Take the 2-minute tour ×
Stack Overflow is a question and answer site for professional and enthusiast programmers. It's 100% free, no registration required.

I'm creating a RESTful web service that allows me to import documents by name. I would import a document using a path like this:


If the document doesn't already exist, it would create a new one; otherwise, it would simply overwrite the existing document.

The question I have is whether this is a wrongheaded endpoint for a RESTful service. Normally I'd use POSTs for creates and PUTs for updates. Here it's not known in advance whether the document already exists. If this is reasonable, then what's the best HTTP method? If it's not correct, then what's a better approach?

share|improve this question

1 Answer 1

up vote 5 down vote accepted

The HTTP 1.1 specification says for POST:

9.5 POST

The POST method is used to request that the origin server accept the entity enclosed in the request as a new subordinate of the resource identified by the Request-URI in the Request-Line.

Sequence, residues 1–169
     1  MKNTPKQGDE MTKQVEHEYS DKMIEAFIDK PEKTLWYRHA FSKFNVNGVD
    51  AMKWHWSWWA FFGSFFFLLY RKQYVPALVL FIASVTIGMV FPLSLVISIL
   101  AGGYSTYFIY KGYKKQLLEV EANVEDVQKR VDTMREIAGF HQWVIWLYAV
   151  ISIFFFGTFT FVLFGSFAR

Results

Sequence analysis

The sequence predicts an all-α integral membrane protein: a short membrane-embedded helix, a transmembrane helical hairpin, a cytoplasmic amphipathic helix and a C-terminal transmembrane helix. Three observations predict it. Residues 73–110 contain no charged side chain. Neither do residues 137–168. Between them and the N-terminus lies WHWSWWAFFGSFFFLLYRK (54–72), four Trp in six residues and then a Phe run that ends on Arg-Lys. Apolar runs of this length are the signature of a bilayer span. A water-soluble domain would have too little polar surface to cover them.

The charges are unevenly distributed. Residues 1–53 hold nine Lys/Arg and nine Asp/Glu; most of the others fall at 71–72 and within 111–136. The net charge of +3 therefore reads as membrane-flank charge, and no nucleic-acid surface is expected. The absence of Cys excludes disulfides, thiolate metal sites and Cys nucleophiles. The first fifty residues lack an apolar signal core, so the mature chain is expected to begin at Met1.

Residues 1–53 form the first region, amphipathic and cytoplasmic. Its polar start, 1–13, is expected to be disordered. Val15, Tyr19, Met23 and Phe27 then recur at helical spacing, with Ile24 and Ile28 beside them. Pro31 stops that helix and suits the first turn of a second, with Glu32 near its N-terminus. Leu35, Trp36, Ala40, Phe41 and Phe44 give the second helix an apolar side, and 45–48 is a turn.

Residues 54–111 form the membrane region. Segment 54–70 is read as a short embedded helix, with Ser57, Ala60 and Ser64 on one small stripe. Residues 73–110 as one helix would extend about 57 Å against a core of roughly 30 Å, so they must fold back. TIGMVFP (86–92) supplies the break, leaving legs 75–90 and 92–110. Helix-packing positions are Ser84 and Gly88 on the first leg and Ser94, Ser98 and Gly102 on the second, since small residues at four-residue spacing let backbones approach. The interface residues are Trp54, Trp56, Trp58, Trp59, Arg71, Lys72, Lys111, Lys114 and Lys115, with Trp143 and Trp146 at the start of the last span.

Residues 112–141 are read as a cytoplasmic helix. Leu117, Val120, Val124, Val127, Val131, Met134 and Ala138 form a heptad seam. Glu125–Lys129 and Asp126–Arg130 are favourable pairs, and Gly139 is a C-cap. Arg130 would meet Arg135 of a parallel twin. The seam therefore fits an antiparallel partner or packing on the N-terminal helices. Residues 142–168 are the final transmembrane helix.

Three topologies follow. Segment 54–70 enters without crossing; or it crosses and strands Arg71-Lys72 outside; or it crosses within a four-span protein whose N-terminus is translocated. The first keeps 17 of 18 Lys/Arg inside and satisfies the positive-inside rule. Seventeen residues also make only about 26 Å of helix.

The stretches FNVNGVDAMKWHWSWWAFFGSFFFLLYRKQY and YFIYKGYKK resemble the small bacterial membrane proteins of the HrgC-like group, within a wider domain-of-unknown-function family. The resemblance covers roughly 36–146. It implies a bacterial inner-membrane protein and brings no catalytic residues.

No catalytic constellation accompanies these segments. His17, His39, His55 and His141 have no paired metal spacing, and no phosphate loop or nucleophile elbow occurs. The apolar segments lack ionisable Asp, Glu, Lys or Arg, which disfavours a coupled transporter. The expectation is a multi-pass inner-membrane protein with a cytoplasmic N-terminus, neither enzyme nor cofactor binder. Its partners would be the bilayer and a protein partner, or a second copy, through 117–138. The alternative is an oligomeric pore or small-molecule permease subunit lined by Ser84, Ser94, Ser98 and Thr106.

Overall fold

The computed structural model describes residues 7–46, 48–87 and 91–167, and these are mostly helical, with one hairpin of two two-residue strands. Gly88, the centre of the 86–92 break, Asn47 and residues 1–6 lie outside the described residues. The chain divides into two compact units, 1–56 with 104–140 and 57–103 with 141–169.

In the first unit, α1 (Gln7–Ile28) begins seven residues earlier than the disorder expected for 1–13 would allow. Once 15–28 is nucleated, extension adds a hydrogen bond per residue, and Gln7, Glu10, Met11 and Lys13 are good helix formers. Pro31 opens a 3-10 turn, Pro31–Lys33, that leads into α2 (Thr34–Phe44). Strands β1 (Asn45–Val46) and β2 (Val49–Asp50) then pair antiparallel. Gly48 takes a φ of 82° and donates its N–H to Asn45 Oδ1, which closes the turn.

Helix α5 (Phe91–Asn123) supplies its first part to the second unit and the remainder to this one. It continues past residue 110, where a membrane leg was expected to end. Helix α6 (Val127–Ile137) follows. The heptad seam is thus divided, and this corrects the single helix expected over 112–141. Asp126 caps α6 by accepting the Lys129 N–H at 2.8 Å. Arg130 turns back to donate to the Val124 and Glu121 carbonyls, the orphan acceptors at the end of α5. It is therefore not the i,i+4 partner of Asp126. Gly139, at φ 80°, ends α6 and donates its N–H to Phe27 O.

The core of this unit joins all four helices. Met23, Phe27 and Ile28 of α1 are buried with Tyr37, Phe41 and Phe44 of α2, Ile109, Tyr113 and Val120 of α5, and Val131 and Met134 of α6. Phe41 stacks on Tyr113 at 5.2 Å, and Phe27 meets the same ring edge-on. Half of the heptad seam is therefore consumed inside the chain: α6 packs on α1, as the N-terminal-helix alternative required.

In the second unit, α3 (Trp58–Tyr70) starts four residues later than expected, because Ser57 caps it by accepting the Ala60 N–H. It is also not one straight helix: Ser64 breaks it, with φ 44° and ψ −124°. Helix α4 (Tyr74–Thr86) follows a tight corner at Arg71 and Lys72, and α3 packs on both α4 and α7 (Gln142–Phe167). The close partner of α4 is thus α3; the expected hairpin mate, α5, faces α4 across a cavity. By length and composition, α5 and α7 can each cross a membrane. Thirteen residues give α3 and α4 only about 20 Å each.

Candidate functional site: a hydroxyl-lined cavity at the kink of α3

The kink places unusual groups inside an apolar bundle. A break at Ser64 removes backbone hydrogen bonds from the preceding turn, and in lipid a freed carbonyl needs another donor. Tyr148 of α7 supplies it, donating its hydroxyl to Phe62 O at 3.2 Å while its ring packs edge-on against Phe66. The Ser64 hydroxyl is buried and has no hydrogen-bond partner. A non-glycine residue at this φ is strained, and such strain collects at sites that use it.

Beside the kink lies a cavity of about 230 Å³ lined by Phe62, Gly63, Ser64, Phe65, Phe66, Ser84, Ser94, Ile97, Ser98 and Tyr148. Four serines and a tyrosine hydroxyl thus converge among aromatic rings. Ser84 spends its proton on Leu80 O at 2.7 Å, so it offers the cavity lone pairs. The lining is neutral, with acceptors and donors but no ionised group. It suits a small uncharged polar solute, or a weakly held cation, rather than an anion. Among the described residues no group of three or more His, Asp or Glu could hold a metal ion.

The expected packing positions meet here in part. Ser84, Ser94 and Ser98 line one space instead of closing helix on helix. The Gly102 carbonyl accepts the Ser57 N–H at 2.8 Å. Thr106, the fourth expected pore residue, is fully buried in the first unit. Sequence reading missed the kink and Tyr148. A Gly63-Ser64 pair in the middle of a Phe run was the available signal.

And for PUT:

9.6 PUT

The PUT method requests that the enclosed entity be stored under the supplied Request-URI.

Given that, and the fact that PUT is idempotent and POST is not, PUT seems the logical choice here for both your create and update.

Source: http://www.w3.org/Protocols/rfc2616/rfc2616-sec9.html#sec9.1.2

share|improve this answer
I agree, and would add that WebDAV is an existing solution to the problem set, and it also uses PUT. –  gview Sep 4 '11 at 5:49

Your Answer


By posting your answer, you agree to the privacy policy and terms of service.

Not the answer you're looking for? Browse other questions tagged or ask your own question.